"It's a sigh of relief. I'm glad it's over with. I'm still a Sixer so I'm excited about playing tonight."

Sixers president of basketball operations Bryan Colangelo on Friday spoke at length about the team's future. He's said he's planning to build around the team's "transformational players" in Joel Embiid and Ben Simmons.

He also addressed the deal that sent Nerlens Noel to Dallas for a protected first-round pick, Justin Anderson and Andrew Bogut. With all of the rumors swirling around Okafor, there wasn't much chatter around Noel.

The biggest reason for Noel's departure is his contract. Noel is set to become a restricted free agent this summer. He's a desirable player in today's NBA as a big that can run the floor and offer elite rim protection. Okafor can't become a restricted free agent until 2019.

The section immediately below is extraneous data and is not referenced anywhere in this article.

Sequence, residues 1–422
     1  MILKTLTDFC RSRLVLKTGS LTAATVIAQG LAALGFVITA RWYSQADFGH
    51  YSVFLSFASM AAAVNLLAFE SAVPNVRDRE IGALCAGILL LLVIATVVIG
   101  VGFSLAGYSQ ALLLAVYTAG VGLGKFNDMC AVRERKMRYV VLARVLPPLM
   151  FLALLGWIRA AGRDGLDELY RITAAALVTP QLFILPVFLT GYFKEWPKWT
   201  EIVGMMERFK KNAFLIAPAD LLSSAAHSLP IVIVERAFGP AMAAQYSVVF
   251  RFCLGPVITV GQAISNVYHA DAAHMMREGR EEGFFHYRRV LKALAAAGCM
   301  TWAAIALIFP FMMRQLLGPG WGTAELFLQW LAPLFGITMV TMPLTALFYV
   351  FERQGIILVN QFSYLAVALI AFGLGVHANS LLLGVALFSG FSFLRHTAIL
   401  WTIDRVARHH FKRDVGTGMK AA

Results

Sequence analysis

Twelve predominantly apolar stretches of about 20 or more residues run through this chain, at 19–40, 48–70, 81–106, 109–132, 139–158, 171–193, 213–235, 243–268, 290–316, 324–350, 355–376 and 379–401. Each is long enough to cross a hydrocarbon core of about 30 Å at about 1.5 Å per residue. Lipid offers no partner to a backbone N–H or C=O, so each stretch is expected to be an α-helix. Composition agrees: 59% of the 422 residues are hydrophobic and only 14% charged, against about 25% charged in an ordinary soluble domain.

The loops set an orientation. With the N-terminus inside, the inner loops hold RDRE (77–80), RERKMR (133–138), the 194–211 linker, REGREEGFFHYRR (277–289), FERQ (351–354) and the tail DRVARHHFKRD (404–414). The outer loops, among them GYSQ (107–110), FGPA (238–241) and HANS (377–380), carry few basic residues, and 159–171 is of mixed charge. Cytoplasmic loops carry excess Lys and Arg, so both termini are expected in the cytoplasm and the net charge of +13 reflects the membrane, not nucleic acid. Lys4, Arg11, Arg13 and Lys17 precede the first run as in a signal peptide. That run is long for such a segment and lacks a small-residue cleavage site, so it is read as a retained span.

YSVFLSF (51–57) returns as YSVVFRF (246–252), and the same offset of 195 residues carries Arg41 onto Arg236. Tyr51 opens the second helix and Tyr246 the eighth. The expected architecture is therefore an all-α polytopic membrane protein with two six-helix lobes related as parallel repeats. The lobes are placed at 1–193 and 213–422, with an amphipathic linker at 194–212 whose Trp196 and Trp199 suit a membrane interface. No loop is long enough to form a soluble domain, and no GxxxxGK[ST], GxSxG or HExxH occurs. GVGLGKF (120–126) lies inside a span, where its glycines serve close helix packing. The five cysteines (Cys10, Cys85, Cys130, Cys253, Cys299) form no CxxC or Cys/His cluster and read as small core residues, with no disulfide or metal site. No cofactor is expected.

Colangelo said there was a market for Okafor, but he just couldn't find the right deal.

"The market dictates what’s there and interestingly given our situation with the multiple talented bigs I think it's safe to say people view us as a place to come if they are looking for a big," Colangelo said. "Several bigs were out there and available on the market. A trade went down early. (Jusuf) Nurkic going to Portland. There was some conversation with Jahlil early, some advanced discussions to the point we pulled him out of a game situation just because there was so much at stake given the terms of a proposed transaction."

It seems like Okafor has been on the trade block since the day he was drafted third overall in 2015. With Embiid's emerging as a star and Noel's being the team's longest-tenured big, it had been difficult to see Okafor's long-term fit with the Sixers.